This March sees me at the 15 months mark of the PhD journey – a point of review and the setting of new directions. After the hard slog of the final months of last year – both personally and academically – it is beginning to feel like the end of certain elements of my academic life and the start of new ones. So there is Spring, change and transformation in the air. I greet it with the usual ambivalence – change as exciting renewal and change as elegy and endings.
As ever, life mirrors nature for me. As I came up the drive to Attingham this week, I saw swathes of snowdrops, at the height of their beauty in the late winter sun, but also anticipated that the daffodils and crocuses are not far away. I will be coming less frequently to Attingham now that the archives materials are largely read, annotated and stored for analysis and all my interviews are complete. I realise how much I have come to love the space and the people who work there or were part of it in the past. The welcome I have received from the National Trust staff has been tremendously warm and I have loved staying in the visitors flat, or with Saraid Jones (who has been so kind and supportive) in her capacious rooms on the top floor of the house. The College volunteers who have worked with me – Andrew Petch, Sally Ellery, Clare Kelly, Elaine Bradburn, Sally Stote and Peter Francis – have made the archive journey so much easier and so much more enjoyable. I couldn’t have come this far without them, so quickly. They have trawled through course programmes – one for every season from 1948 to 1976 – and looked at emerging themes; researched the Attingham Summer School which started in 1952 and attracted important American and European conservators, archivists and historians with an interest in English cultural heritage and which continues its scholarly work to this day; analysed the College Visitors books which span 1948 to 1957 and looked at student demographics; examined all the newspaper cuttings and press materials connected with the College; analysed the contents of the wonderful College scrapbooks and the detailed Board of Governors reports and are now helping with the difficult and painstaking task of transcribing the interviews! Thanks, too, to Carol Forrester, a student at Bath Spa University, who transcribed 8 of the interviews last year. I know she spent many hours on the project and I am indebted to her.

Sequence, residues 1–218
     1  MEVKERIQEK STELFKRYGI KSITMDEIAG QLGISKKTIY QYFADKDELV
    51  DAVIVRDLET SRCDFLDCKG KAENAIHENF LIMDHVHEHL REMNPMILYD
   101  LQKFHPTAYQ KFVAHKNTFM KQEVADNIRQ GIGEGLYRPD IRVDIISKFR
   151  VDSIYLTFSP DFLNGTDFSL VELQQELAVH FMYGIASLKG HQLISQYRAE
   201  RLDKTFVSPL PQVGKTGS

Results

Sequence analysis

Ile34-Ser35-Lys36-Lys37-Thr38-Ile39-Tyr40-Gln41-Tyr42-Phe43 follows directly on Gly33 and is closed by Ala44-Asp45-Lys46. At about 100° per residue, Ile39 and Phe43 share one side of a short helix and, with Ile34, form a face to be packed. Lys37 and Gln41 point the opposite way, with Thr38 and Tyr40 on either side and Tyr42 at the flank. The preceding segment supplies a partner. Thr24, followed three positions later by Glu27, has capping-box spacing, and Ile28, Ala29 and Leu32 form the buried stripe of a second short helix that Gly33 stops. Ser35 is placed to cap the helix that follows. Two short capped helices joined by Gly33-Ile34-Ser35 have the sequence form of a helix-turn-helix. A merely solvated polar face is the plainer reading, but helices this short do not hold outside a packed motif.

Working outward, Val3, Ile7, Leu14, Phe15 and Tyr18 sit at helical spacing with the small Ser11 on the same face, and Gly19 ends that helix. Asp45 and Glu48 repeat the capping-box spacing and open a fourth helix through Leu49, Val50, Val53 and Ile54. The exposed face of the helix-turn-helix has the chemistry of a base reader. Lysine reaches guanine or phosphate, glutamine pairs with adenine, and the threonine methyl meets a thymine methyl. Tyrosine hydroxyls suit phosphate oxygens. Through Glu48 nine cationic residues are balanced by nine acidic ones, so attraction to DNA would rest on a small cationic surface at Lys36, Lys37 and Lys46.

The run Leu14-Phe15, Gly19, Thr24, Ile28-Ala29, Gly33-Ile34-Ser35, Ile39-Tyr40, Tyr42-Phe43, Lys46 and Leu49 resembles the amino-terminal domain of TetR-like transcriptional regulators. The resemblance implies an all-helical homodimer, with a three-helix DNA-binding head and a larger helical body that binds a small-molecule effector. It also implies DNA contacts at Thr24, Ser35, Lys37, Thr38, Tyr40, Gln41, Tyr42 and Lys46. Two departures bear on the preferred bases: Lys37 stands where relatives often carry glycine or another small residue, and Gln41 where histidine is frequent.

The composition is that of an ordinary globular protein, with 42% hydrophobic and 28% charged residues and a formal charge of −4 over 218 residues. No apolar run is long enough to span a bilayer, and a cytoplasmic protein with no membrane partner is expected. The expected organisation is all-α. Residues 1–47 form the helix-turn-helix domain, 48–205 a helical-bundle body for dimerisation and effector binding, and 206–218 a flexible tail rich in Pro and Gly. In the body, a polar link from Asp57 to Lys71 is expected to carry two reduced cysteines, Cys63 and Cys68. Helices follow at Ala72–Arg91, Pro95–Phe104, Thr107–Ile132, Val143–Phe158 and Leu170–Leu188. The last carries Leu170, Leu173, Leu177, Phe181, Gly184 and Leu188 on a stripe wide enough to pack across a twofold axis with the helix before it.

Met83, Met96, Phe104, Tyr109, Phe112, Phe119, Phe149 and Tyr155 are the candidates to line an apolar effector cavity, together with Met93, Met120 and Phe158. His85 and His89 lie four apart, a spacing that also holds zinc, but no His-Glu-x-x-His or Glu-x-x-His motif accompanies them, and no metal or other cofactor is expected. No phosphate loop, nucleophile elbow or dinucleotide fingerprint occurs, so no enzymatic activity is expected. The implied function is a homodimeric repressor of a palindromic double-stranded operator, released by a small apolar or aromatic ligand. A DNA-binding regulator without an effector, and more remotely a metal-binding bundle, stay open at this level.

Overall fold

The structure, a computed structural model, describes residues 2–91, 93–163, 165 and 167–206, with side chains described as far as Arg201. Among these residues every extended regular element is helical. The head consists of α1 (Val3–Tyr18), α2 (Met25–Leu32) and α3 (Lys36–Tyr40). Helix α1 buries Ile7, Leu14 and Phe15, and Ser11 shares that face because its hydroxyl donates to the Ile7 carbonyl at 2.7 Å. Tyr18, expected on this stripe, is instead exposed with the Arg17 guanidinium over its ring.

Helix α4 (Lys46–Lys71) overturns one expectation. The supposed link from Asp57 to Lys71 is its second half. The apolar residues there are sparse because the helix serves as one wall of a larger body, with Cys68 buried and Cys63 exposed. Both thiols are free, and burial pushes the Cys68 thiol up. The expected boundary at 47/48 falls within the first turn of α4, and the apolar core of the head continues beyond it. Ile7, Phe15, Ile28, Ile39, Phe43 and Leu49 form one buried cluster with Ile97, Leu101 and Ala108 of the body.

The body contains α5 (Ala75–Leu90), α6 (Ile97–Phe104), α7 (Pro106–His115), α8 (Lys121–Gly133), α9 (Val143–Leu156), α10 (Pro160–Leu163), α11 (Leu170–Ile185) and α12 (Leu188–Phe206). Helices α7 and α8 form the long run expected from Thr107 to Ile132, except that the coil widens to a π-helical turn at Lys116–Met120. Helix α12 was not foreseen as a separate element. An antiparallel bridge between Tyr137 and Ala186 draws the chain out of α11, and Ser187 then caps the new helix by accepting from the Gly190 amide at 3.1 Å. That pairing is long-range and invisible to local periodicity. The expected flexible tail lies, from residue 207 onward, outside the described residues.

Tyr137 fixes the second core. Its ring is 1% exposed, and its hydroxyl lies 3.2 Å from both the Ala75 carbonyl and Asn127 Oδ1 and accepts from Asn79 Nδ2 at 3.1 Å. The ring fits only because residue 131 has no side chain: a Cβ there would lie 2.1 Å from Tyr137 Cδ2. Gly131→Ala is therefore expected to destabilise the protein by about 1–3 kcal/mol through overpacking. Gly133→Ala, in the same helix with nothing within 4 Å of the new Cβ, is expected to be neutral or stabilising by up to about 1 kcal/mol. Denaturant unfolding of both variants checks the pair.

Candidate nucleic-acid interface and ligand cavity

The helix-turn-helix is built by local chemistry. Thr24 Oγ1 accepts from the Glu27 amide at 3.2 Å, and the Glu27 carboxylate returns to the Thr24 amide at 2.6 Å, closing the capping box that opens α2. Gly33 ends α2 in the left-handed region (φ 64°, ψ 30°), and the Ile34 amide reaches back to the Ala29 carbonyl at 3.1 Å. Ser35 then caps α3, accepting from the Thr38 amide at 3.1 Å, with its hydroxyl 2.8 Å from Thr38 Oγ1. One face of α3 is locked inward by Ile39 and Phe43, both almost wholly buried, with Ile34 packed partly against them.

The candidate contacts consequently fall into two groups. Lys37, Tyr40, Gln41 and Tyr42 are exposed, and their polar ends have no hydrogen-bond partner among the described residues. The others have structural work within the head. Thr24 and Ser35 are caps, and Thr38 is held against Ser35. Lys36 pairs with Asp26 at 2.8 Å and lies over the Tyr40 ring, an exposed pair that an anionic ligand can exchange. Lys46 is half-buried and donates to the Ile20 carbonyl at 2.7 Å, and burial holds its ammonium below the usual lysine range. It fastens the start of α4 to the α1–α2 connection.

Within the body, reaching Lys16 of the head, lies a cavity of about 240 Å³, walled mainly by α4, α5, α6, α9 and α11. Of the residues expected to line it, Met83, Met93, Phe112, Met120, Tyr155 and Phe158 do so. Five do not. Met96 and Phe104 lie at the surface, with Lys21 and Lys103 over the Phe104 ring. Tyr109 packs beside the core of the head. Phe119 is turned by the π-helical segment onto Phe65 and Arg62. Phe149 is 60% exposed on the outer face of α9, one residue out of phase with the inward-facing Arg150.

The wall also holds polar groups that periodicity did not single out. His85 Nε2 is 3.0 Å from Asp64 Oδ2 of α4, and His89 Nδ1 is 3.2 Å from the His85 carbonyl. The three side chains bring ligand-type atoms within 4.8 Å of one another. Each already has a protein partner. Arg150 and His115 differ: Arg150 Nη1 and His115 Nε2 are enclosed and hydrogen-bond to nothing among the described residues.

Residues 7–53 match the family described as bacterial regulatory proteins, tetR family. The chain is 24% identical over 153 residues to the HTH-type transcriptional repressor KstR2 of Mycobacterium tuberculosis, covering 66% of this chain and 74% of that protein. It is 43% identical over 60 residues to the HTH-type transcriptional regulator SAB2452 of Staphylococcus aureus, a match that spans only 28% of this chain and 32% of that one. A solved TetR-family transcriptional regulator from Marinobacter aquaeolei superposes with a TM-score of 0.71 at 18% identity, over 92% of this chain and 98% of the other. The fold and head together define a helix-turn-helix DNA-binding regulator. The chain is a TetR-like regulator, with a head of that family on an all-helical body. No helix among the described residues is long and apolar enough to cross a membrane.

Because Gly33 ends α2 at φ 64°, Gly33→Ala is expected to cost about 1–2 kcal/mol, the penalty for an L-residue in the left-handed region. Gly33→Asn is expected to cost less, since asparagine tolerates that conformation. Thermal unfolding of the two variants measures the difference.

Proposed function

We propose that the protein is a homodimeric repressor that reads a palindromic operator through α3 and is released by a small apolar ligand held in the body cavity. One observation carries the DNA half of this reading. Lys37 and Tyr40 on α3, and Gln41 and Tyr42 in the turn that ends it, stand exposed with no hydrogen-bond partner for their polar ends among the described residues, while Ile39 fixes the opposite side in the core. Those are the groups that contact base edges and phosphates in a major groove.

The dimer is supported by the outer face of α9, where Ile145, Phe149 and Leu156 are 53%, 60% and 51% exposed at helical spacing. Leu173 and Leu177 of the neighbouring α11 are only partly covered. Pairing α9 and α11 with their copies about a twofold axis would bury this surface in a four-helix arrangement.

At the Annual Property Review meeting I attended – reviewing the last year at Attingham – on Thursday this week I was struck by the huge commitment, energy and passion of all the staff and volunteers at Attingham. Their reference to Attingham as a ‘magical place’ resonated with me. For me, it has been like stepping out of one kind of reality and into another and I have loved the sense – in a small way – of being part of this team.
Now all my interviews are complete I am excited by the prospect of having chance to sit down and properly unpick the themes that are beginning to emerge. I’ve established the two chapters I am going to start to write initially – and they will be a chapter on the Trevelyan family, to explore the genesis of Sir George’s thinking and ways of approaching the world, and a broader chapter about the short-term residential college, and specifically the Shropshire Adult Education College, in the context of adult education – marked, as it was, at its outset in 1948 by the ‘Spirit of ’45’ and the wider welfare changes in the country. Sir George fought until his retirement in 1971 to keep the course prices low, against a pincer movement of wider economic changes and ‘belt-tightening’ in the country, a reduction in grants and other financial support, the march of a managerial approach to education and sliding student attendance in the face of higher fees, which inevitably came along. The experiment of education for all in the genteel and beautiful surroundings of a stately home was starting to unravel by the time of his departure. His excursions into the New Age and the spiritual both attracted huge audiences in the late ‘60s and kept Attingham viable and, conversely, were a good reason for local funding to dwindle, as more and more people came from further afield and the claim of ‘local education for local people’ looked increasingly untenable. I do see, though, that Sir George was fighting to keep something alive – whether or not he attracted the broad student base he had originally intended – and that was a sense of education as personal and spiritual transformation and an eschewal of the market and the manager.
I will post some of the quotes from the interviews over the next few weeks. They are memorable, moving and vital, by turns. And, again, I have been struck by the huge generosity people have afforded me in giving up their time to offer their memories, as interviewees or in the form of written memoirs. There will be a College Celebration event in September – date to be announced and part of a 3 week house focus on the College – which will act as a thank you to all contributors and at which I will give an update on the research and we will hear from key interviewees. And the College is now being commemorated at Attingham in the fabric of the rooms, through exhibitions and displays, and through the College tours which are being developed so that there is an enduring memorial to the College.